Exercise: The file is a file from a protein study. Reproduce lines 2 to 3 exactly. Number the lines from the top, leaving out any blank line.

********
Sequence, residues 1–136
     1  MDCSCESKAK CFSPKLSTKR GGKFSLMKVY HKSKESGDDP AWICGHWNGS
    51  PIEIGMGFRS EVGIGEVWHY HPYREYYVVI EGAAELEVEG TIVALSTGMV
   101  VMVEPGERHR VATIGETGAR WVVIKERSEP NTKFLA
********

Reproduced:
     1  MDCSCESKAK CFSPKLSTKR GGKFSLMKVY HKSKESGDDP AWICGHWNGS
    51  PIEIGMGFRS EVGIGEVWHY HPYREYYVVI EGAAELEVEG TIVALSTGMV